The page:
Social Justice Catholics and Pro Life Catholics are both right in advocating for their causes. They are both wrong, grievously so, in claiming that it is holy to ignore the plain call of Christ to support life AND social justice, not one or the other. These ridiculous assertions are nothing more than attempts at self-justification and dishonest claims of righteousness vis a vis their political opponents.

Those who claim that Jesus loves the poor and supports killing innocent people are liars. Those who claim that Jesus opposes killing the unborn but supports corporatism and the economic enslavement of whole populations are liars. They are both trying to re-create Jesus in their own image. They are demanding that the Lord follow them, rather than following Him.

One message of Public Catholic is that we should follow Jesus Christ, not the phony christs of public manipulation.

The easiest way to do that is to follow the teachings of the Church. Our great Church suffers the slings and arrows of both sides of this political divide and steadfastly continues to call us to the totality of the Gospels and the true holiness of following Christ. The Church asks us to choose Christ, and Him alone in the face of partisan pressures.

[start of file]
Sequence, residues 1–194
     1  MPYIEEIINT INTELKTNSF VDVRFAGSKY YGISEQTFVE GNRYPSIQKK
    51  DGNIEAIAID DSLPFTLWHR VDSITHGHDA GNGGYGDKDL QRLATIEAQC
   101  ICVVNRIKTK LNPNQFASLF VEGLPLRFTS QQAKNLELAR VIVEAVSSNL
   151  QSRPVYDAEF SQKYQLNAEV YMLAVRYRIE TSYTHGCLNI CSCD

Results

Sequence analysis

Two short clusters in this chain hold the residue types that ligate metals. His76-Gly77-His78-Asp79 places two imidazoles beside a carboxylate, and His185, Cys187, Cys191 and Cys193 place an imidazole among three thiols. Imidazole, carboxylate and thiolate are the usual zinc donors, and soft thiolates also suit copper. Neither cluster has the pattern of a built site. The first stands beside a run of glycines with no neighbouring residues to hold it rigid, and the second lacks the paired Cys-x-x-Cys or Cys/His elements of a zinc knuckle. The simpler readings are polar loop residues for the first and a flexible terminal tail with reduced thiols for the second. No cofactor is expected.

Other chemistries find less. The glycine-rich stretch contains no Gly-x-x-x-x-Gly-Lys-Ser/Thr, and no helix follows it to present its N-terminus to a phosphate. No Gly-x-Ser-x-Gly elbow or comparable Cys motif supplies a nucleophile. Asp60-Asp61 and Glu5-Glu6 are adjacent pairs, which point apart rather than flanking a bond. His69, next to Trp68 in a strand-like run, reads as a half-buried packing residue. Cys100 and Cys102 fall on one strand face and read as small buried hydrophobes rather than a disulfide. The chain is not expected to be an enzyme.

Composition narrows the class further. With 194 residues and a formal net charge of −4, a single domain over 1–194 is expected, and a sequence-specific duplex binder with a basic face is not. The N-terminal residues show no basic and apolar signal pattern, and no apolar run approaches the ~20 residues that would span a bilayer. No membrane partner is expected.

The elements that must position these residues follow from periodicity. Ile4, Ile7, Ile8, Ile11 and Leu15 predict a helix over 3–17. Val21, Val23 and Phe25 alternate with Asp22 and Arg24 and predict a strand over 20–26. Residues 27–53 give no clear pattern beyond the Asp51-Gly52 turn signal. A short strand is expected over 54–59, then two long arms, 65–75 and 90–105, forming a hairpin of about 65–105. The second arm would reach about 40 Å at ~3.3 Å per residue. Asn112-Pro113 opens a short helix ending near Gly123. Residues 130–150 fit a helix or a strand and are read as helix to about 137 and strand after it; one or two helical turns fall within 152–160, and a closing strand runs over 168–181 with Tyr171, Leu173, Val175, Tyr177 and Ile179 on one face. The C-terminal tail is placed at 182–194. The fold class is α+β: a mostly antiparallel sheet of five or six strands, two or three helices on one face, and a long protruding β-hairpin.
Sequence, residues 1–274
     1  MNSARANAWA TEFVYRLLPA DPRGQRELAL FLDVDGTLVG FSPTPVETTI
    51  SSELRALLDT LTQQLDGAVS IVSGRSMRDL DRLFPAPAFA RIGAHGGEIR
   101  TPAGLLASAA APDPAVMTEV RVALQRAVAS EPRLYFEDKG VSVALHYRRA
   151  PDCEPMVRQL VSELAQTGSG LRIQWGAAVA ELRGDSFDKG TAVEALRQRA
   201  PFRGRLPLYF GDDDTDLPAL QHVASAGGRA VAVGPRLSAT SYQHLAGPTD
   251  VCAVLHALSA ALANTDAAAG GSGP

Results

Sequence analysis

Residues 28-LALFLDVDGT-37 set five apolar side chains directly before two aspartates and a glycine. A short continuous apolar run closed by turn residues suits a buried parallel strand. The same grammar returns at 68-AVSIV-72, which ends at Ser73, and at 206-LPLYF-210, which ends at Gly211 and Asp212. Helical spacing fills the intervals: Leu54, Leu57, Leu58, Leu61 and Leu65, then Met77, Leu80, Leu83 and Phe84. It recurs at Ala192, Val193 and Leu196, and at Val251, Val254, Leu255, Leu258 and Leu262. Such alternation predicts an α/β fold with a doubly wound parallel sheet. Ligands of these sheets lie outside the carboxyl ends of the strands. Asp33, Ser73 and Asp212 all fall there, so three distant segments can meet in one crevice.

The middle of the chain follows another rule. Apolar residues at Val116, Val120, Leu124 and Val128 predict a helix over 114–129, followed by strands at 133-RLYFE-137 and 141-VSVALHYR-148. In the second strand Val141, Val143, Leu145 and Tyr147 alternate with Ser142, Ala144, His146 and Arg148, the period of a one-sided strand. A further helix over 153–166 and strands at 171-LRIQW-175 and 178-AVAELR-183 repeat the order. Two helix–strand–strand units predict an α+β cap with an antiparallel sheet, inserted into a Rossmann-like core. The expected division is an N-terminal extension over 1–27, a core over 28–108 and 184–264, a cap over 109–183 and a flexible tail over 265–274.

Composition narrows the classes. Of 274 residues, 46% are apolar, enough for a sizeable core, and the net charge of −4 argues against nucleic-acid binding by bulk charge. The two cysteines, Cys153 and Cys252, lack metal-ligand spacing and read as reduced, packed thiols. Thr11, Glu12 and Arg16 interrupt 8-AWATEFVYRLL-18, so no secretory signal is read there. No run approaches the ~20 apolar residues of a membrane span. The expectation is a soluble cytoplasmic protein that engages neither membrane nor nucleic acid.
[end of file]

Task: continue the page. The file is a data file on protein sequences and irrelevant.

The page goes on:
I am proud of my Church. I am proud of our bishops. I support them absolutely in their fight for religious freedom, to save the family, protect the sanctity of human life and work for a human-being-supporting economy. Unlike a lot of Catholics, I have already taken my turn at trying to decide for myself what is right and wrong. I laid waste my own conscience in the process.

I urge everyone to follow the Church, stand with Jesus and to lean not on your own understanding with these great moral issues. I know from experience that being your own god only leads to regret.